Yvonne Strahovski played Dexter’s serial-murdering love interest, Hannah McKay, during the final two seasons. Before she started filming, producers told her about her character’s journey and how involved she would be with Dexter. However, Hannah’s fate was not what she expected.
When Strahovski watched the ending, it was upsetting as an audience member. She assumed her character would be killed, but there wasn’t a resolution. It was uncomfortable and sad, and no one knew what happened to her character after Dexter left Hannah with his son.
When Deb was shot in Season 8, Dexter did what he always does and put her body in the ocean. However, Carpenter was unhappy that she died at Dexter’s hands when he took her off life support. In her final moments, Dexter confesses his love for Deb, and then she flatlines.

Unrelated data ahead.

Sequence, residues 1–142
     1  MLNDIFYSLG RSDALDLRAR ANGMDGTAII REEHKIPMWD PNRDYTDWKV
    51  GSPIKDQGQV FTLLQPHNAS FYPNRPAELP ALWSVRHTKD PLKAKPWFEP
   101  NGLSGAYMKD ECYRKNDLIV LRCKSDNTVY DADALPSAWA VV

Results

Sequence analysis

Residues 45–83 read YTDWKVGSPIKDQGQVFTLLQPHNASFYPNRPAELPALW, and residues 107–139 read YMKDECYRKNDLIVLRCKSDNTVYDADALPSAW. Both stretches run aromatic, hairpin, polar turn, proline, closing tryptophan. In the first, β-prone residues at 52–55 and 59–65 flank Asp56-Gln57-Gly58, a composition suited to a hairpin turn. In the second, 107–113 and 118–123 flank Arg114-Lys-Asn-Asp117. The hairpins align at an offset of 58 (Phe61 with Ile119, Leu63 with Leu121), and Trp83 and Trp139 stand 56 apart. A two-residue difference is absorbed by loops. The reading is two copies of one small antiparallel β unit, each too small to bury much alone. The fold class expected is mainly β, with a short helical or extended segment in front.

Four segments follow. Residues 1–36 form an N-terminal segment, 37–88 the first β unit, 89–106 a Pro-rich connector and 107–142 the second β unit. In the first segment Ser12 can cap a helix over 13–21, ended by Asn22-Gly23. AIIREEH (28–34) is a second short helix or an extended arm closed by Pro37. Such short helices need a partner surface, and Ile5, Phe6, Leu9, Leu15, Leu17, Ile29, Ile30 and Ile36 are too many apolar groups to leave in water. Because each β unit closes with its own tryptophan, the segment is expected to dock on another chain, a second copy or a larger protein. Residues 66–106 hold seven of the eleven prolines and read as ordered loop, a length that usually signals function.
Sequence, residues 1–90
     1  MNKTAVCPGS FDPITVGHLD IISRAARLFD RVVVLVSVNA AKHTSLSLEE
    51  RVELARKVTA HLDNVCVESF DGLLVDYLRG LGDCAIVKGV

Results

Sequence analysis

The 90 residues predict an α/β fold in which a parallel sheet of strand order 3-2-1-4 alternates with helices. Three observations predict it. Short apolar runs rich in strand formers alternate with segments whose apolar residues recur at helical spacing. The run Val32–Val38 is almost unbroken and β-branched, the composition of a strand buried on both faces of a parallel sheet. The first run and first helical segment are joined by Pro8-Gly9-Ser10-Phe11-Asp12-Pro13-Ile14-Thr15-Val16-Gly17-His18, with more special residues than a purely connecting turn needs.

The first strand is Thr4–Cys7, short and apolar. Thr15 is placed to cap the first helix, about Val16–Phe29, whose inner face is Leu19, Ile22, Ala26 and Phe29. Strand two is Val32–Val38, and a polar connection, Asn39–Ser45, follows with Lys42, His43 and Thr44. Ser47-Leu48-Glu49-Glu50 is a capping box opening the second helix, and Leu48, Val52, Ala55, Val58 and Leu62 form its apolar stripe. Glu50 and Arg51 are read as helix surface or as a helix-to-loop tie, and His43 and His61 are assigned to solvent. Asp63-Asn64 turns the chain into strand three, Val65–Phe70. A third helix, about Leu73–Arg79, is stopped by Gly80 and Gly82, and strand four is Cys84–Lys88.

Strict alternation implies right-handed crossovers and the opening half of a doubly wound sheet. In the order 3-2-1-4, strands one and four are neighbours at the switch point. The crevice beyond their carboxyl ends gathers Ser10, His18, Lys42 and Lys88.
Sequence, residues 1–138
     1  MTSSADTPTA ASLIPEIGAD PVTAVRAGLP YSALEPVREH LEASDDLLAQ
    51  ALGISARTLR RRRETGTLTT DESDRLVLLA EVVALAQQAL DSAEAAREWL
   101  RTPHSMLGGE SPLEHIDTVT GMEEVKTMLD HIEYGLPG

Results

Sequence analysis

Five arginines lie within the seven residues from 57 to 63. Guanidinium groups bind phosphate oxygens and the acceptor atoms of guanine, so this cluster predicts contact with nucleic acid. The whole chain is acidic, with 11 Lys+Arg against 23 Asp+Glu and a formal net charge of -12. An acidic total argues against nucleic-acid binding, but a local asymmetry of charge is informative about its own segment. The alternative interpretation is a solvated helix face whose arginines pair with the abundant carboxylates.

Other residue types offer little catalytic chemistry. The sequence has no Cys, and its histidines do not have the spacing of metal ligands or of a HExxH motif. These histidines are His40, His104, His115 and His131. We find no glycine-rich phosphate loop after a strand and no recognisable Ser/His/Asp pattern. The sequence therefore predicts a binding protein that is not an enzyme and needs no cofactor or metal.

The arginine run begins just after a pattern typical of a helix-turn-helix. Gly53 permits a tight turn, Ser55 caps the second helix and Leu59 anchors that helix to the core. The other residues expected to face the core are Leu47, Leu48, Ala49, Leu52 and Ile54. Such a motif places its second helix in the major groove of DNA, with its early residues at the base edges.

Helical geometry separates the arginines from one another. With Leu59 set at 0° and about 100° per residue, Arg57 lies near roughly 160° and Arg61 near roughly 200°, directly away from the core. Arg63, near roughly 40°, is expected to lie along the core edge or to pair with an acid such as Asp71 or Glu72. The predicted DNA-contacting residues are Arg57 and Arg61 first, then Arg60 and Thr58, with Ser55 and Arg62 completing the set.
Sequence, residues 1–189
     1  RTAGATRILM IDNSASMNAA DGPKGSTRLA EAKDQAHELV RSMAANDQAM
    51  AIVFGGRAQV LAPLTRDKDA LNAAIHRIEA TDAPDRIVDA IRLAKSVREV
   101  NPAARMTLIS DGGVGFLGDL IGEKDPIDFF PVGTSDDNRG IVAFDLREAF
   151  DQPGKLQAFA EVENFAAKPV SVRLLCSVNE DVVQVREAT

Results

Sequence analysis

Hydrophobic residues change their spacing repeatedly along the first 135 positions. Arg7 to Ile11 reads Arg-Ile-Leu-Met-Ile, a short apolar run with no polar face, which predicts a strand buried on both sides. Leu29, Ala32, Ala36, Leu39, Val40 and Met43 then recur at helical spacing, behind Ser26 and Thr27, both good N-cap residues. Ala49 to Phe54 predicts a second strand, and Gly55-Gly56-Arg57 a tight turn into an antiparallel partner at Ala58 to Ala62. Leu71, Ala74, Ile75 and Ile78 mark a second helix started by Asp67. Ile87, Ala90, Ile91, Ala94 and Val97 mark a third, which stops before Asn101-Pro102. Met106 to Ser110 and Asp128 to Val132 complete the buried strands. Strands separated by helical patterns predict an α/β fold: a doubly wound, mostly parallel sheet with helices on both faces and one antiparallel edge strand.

Carpenter said that she would have preferred Deb to kill herself instead of Dexter killing her. In the end, she realized this was more organic than suicide, so she was happy that she didn’t get to choose Deb’s death. Carpenter was also pleased Deb died at the end of the series instead of leaving her story open-ended.
While this is an obvious fact, most viewers have not kept track of how many people Dexter really killed. For those who have counted, Dexter killed at least 135 people over the show’s eight seasons, and there is no telling how many he will kill in the reboot show.
If Dexter really existed, that would make him one of the most prolific serial killers of all time. However, he only kills bad guys, so maybe he would cause the crime rate to decrease. Dexter was killing before the series started, so we can assume the actual number of deaths is much higher.